Every year, the Wonderlic scores of NFL draft prospects somehow get out, someone gets embarrassed, and the merits of the test as an evaluating tool are debated.
The issue has arisen once again because LSU cornerback Morris Claiborne reportedly scored low on the 12-minute, 50-question exam.
"I just think the sad thing is, it's not supposed to be made public," Watson said. "I'm all for keeping it private, especially when talking about something that's as sensitive as an aptitude test."
NFL Commissioner Roger Goodell has also weighed in on the issue.
"Bear in mind that the publicly disclosed information is frequently inaccurate, incomplete or misleading, and often results from an effort of an individual to advance a self-interested goal. What is lost in the pursuit of that goal is concern for the reputation and well-being of the young men who have worked so hard to reach their own goal of becoming an NFL player and concern for the reputation of the NFL and our game," Goodell wrote. "Disclosure of inappropriate private or confidential information concerning draft-eligible players is conduct detrimental to the league and will be met with significant discipline."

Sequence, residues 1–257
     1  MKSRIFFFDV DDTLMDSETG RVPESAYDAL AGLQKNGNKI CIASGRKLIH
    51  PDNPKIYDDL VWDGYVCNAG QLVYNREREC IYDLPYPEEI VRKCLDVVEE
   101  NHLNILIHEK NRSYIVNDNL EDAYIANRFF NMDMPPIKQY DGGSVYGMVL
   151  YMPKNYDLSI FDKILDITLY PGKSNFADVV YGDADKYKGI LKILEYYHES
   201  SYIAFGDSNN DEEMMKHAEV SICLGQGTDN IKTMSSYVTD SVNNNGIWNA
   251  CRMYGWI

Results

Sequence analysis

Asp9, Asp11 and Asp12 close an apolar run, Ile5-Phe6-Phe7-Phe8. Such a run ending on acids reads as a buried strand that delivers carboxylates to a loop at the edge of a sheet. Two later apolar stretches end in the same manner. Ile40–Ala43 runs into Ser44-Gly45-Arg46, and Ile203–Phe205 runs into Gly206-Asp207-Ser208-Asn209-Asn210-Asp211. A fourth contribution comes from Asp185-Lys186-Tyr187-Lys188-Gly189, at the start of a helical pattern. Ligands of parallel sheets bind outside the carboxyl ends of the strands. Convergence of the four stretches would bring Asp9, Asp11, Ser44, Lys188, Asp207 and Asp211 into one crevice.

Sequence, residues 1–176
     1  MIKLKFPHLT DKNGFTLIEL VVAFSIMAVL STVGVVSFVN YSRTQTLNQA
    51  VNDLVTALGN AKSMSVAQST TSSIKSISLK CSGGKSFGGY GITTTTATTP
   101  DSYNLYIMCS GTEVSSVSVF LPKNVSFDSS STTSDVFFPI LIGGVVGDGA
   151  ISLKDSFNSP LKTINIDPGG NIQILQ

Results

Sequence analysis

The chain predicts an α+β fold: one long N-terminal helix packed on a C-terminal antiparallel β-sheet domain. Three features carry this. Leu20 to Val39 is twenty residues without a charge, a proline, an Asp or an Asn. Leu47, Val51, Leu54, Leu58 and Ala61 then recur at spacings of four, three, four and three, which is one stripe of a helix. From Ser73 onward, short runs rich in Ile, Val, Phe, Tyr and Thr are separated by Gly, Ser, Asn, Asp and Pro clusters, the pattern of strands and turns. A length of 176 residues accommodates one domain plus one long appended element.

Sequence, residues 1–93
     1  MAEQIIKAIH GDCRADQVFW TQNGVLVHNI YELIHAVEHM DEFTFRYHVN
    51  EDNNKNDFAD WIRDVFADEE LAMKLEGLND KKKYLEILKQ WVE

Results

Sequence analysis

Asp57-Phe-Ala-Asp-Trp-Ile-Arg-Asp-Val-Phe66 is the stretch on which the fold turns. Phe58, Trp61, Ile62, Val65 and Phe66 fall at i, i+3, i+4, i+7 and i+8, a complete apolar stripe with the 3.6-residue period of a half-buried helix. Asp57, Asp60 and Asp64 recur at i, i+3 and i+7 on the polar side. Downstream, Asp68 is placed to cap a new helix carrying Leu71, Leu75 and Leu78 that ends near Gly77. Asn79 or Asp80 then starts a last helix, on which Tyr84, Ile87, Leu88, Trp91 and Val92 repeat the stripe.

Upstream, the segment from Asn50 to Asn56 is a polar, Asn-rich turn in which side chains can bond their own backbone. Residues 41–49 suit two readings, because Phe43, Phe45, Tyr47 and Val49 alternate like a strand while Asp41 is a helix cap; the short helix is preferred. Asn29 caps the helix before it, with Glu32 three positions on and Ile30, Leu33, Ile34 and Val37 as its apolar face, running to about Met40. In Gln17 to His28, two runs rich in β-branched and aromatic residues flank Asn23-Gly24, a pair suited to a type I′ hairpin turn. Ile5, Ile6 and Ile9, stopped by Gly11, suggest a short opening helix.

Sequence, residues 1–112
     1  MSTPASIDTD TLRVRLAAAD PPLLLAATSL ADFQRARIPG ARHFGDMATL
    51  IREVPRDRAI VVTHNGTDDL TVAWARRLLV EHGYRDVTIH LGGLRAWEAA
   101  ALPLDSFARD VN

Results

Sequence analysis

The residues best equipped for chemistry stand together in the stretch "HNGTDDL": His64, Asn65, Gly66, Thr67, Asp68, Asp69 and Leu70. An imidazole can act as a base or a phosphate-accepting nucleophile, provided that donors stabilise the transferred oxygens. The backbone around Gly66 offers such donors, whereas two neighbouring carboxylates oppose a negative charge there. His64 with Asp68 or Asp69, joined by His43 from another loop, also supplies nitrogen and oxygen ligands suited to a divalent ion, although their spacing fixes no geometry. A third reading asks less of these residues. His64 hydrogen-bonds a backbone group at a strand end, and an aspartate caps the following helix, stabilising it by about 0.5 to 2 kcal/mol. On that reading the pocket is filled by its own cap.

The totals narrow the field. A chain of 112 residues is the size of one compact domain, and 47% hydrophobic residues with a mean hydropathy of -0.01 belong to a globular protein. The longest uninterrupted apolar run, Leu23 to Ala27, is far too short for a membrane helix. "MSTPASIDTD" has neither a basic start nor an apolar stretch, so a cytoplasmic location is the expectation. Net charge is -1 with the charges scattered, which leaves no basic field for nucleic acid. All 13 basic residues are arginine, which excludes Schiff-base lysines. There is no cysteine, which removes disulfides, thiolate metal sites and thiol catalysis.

Watson isn't sure how much, if at all, that influenced the New England Patriots when they chose him in the first round in 2004 as the 32nd overall pick out of Georgia.
"I don't know how much weight is put on it," Watson told the Boston Herald Thursday. "Some teams, I hear, put a lot of weight on it. Some teams don't care. So I don't know for sure. What I do know is it's not an exact science."